question-icon

Can vagal nerve stimulation cause bradycardia?

default
Posted on Tue, 26 May 2015
Question: . I read that the vagus nerve can slow down your heart rate. I do get some acid reflux or Gerd and I have slight bradycardia as I mentioned to you last time. Sometimes I'll get episodes where I Bend down and get up or just even sitting still and I'll have pressure coming up to my throat from my stomach. It feels like a lump in throat from food coming up but not acidic. I'll check my pulse and it will be very slow but hard for 5 to 7 beats. Can Gerd or acid reflux be causing this to happen? It is quite scary and I know exactly when it's happening cause I get the lump in throat I had all cardiac tests done including stress test, Echocardiogram, ecg 48 hour holter. All came back with structurally normal heart just some pacs 400 per 48 hour and 15 unifocal pvc
doctor
Answered by Dr. Benard Shehu (2 hours later)
Brief Answer:
Yes GERD and vagal nerve stimulation is causing symptoms...

Detailed Answer:
Hi XXXXXXX again.

Yes it's true that vagal nerve stimulation cause bradycardia. The vagal nerve is stimulated from gastric acidity, reflux, pain etc.

The symptoms you are describing are typical for GERD (acid reflux) and vagal nerve stimulation.

My opinion is that the proper treatment and stabilisation of GERD will be of help on relieving your symptoms.

My opinion is that you should take antacids (Malox), probiotics and PPI drugs (omeprasol) to treat acid reflux. This will help on reliving your symptoms to.

Hope this was of help!
Wish you health!
Dr. Shehu
Above answer was peer-reviewed by : Dr. Chakravarthy Mazumdar
doctor
default
Follow up: Dr. Benard Shehu (5 hours later)
Hi doctor thank you for taking the time to answer my questions. I understand now that Gerd can cause the vagus nerve stimulation and cause my bradycardia. I just wanted to know is this harmful? Also are the etopic that are caused by Gerd and anxiety harmful?
doctor
Answered by Dr. Benard Shehu (1 hour later)
Brief Answer:
Following answer to your queries...

Detailed Answer:
Hi back,

Bradycardia associated with vagus nerve stimulation and GERd isn't harmful and you shouldn't worry about that.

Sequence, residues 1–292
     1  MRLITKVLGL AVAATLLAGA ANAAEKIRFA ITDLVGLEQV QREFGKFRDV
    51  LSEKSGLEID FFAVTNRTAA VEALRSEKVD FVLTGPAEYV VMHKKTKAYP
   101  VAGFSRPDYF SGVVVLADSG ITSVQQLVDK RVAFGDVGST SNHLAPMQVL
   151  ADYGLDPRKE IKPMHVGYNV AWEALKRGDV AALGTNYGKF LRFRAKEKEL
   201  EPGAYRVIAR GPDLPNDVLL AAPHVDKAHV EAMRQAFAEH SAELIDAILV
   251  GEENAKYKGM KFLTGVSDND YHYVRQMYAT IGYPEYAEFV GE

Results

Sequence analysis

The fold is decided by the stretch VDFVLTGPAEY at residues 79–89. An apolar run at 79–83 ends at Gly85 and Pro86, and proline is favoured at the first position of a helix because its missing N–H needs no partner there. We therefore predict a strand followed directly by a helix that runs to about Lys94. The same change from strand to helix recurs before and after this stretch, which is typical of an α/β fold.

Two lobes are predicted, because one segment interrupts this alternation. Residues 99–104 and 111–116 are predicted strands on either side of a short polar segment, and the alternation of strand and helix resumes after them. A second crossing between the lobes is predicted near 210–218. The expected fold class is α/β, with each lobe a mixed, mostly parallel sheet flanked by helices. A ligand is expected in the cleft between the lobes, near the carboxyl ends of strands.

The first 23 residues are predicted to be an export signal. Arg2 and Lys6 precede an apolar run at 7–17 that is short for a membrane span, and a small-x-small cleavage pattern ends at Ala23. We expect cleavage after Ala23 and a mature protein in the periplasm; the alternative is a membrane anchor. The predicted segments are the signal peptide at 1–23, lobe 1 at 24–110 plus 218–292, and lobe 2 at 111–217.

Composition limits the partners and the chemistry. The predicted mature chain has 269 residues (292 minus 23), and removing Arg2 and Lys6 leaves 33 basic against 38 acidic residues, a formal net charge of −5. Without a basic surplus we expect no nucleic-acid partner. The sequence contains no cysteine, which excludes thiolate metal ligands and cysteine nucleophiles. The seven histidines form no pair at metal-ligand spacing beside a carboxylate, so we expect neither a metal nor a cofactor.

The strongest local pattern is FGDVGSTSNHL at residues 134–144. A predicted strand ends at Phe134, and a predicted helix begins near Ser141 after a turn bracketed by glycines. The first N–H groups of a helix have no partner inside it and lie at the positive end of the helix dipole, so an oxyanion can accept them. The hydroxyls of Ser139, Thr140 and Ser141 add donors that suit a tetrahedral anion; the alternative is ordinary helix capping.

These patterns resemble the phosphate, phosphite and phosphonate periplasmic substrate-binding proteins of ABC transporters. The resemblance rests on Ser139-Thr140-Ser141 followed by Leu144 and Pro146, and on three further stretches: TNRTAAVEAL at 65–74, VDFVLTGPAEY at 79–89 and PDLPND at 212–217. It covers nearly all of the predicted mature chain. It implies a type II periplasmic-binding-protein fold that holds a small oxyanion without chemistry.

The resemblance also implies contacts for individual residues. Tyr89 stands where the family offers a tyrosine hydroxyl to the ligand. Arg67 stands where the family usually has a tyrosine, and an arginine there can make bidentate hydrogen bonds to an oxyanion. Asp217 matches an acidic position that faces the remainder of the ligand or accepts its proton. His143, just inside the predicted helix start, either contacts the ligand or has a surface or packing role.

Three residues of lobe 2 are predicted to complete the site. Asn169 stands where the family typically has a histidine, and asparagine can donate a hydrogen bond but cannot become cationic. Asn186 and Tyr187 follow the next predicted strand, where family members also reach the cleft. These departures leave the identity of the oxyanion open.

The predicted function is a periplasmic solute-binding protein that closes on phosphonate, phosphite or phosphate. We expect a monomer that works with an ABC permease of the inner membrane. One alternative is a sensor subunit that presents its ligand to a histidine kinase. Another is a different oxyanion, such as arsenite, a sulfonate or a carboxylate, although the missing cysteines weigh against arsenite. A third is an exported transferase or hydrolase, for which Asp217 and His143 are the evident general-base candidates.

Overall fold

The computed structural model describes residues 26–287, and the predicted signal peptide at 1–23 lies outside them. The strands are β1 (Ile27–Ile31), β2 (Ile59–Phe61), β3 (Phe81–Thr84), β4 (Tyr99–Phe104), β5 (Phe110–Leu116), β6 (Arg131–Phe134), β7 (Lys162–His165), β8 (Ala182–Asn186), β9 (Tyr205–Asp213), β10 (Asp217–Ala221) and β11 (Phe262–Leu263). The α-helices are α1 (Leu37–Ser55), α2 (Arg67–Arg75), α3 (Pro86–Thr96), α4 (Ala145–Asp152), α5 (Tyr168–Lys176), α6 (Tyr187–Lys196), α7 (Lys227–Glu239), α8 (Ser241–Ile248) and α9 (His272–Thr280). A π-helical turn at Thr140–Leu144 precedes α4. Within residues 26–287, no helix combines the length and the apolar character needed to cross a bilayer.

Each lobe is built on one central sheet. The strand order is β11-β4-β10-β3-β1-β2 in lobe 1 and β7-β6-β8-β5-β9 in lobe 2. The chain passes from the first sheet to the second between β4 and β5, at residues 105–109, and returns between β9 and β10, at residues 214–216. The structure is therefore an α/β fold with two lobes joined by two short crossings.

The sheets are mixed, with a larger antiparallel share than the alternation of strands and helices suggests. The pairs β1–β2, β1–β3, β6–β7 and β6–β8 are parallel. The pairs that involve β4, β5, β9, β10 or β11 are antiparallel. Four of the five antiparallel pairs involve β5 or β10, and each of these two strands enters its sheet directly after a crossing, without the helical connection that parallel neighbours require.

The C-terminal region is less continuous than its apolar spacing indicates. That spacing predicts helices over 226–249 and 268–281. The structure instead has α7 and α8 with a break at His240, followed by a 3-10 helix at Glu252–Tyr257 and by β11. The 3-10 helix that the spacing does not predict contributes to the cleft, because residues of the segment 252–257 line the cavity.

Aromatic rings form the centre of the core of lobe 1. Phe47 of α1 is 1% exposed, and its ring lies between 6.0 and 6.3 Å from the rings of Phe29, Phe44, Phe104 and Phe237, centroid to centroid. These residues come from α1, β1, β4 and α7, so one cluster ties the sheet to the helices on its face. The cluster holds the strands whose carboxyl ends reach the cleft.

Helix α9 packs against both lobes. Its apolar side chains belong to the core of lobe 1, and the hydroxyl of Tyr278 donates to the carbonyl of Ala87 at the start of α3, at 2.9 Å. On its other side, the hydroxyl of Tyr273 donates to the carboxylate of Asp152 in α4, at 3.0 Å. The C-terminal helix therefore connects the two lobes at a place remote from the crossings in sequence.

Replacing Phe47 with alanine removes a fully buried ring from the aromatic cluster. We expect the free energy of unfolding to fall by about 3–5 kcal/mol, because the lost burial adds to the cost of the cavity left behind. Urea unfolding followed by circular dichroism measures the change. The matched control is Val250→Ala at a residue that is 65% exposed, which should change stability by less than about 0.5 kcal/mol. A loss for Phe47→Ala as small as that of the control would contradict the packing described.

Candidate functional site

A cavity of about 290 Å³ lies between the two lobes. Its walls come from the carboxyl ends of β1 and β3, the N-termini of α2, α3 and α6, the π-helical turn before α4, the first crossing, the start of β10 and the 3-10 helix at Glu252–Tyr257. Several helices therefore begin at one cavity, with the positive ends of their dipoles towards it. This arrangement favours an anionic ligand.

Moreover ectopic beats associated with GERD and anxiety aren't harmful as long as your heart is normal (examinations are normal).

Wish you health!
Dr. Shehu
Above answer was peer-reviewed by : Dr. Chakravarthy Mazumdar
doctor
default
Follow up: Dr. Benard Shehu (15 hours later)
Hi doctor thank you for your reply. Is it true that etopic beats only become worrisome when they account for more than 15-20 % of your total beats? I have heard of people having 25 000 per day
doctor
Answered by Dr. Benard Shehu (4 hours later)
Brief Answer:
Following advice...

Detailed Answer:
Hi back,

What you have read isn't true. Premature atrial beats and other etopic beats will not become worrisome when they account for more than 15-20 % of your total beats.

You should stay relaxed and don't worry about those thoughts. It will only increase your anxiety level. There are people who have more than 25000 etopic heart beats per day and have a normal life.

Wish you health!
Dr. Shehu


Above answer was peer-reviewed by : Dr. Chakravarthy Mazumdar
doctor
Answered by
Dr.
Dr. Benard Shehu

Cardiologist

Practicing since :2004

Answered : 2257 Questions

premium_optimized

The User accepted the expert's answer

Share on
Can vagal nerve stimulation cause bradycardia?

Brief Answer: Yes GERD and vagal nerve stimulation is causing symptoms... Detailed Answer: Hi XXXXXXX again. Yes it's true that vagal nerve stimulation cause bradycardia. The vagal nerve is stimulated from gastric acidity, reflux, pain etc. The symptoms you are describing are typical for GERD (acid reflux) and vagal nerve stimulation. My opinion is that the proper treatment and stabilisation of GERD will be of help on relieving your symptoms. My opinion is that you should take antacids (Malox), probiotics and PPI drugs (omeprasol) to treat acid reflux. This will help on reliving your symptoms to. Hope this was of help! Wish you health! Dr. Shehu